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71-year-old Largo biker killed in crash loved motorcycles

George Talcott, 75, and Lu Haddeman, 71, would often take trips on Talcott’s BMW motorcycle together. As of Friday, Talcott remained in the hospital and has undergone several surgeries.
George Talcott, 75, and Lu Haddeman, 71, would often take trips on Talcott’s BMW motorcycle together. As of Friday, Talcott remained in the hospital and has undergone several surgeries.
Published Jun. 23, 2012

LARGO — Lu Haddeman, a 71-year-old great-grandmother, was no stranger to motorcycles.

She and her ex-husband often rode together when they were married. Her youngest son got his first dirt bike when he was 8.

Haddeman, who lived in Largo, had been riding behind 75-year-old George Talcott on his blue BMW motorcycle for the past two years, including on last Sunday evening, when the two were heading south on U.S. 41 in northern Hernando County.

A 2006 Chrysler turned onto the highway from Lake Lindsey Road and crashed into their motorcycle, according to the Florida Highway Patrol.

Haddeman died hours later. Talcott, of Clearwater, was in critical condition on Friday at Bayonet Point Hospital.

At 10 p.m. on the day of the crash, two troopers arrived at the home of Haddeman's younger sister, Shirley Windisch, to deliver the news, leaving the family to console itself with the knowledge Haddeman had died doing what she loved.

"You couldn't tie her down," said Haddeman's son, Kevin Grider. "Motorcycles were a big part of her life."

"People always say, 'It's not going to happen to me,' " Windisch said Thursday as she held back tears. "She always said she was going to live to be 102."

Haddeman had lost loved ones to motorcycle crashes — her 23-year-old nephew, and years later, her fiance.

Haddeman's family traveled from Iowa, Wisconsin and Minnesota for her memorial service Friday. They stayed at her home on Queen Palms Street in Largo.

Haddeman met Talcott about two years ago at a social function. They traveled on his bike to New York City and Bike Week in Daytona Beach. In May, they rode to the Florida Keys. They had plans to ride the BMW to Waterloo, Iowa, next month.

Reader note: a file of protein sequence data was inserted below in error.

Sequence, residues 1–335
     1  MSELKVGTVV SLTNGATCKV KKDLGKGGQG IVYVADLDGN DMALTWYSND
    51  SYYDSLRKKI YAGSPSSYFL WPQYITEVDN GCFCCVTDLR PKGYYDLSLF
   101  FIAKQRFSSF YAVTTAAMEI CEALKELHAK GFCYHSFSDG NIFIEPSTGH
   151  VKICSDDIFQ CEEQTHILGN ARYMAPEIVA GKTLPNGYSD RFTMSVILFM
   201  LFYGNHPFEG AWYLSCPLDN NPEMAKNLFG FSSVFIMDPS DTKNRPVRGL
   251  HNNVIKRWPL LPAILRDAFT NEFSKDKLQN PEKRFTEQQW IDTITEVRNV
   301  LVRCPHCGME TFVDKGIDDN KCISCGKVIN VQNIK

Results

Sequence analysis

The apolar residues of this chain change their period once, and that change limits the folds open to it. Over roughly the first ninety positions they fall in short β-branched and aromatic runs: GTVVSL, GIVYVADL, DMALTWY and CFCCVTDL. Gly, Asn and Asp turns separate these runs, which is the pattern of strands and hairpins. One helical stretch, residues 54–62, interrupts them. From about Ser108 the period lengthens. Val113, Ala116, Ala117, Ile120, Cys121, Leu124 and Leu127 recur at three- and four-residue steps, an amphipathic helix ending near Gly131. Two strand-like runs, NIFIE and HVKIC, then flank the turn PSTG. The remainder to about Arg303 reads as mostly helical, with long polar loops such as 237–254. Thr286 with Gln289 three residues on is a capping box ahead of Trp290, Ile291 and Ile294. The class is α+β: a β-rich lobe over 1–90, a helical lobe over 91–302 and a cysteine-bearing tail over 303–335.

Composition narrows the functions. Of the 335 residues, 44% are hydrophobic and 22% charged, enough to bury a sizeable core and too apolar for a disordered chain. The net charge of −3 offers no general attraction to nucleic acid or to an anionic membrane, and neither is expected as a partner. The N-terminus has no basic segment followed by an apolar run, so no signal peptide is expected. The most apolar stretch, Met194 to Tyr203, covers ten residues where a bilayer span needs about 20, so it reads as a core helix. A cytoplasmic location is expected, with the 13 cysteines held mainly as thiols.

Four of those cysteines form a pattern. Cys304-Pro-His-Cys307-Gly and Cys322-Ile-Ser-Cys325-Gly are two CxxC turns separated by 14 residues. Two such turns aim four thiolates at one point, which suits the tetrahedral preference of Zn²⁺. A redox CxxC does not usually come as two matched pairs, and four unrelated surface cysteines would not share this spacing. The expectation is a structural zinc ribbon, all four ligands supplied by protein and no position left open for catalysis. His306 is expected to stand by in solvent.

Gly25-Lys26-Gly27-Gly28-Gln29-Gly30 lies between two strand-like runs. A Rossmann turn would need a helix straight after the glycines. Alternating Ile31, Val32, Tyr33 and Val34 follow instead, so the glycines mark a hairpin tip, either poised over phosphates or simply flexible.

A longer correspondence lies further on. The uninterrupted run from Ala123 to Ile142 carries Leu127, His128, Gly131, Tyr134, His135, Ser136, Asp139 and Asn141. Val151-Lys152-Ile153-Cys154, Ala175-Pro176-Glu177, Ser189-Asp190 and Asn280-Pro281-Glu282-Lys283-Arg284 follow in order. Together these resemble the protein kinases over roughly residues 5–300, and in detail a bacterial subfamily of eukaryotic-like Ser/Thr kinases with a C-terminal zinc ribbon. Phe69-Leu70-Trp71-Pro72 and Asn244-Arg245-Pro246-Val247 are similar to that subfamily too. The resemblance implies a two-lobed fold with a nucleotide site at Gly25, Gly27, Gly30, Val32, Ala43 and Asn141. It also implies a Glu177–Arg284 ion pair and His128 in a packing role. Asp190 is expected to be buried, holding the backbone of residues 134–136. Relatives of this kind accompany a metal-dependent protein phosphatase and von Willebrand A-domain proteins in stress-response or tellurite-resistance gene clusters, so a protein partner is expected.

Grider said he never asked his mother to stop riding. "You don't tell my mother something like that," he said.

Loved ones said Haddeman barely spent time at her white mobile home with yellow trim. She was a member of several groups, including the Red Hat Society, Veterans of Foreign Wars and the Fraternal Order of Eagles.

"She made outgoing people seem like couch potatoes," said Mickey Haddeman, 35, her youngest son.

Sheila Miltner, Haddeman's friend, described her as the "life of the party." At a VFW convention in Jacksonville about three years ago, Haddeman plopped herself on top of a man in an electric wheelchair and took control of the chair. In the past, she made the 22-hour car ride to visit family in Waterloo.

"Lu lived life to the fullest," said another friend, Patty Depriest. "She's the type of person you don't put an age to."

Talcott is in the hospital and has undergone several surgeries, according to Haddeman's family. He doesn't know she is dead.

Miltner said the accident is a shock. "George was always very careful," she said. "He always tried to be home before dark."

The crash is under investigation, troopers said.

On Friday, Haddeman's family sifted through the items inside her Ford Taurus.

On the back of the car, a purple bumper sticker read: "Look twice — save a life. Motorcycles are everywhere."

Staff writer Laura C. Morel can be reached at (727) 893-8713 or


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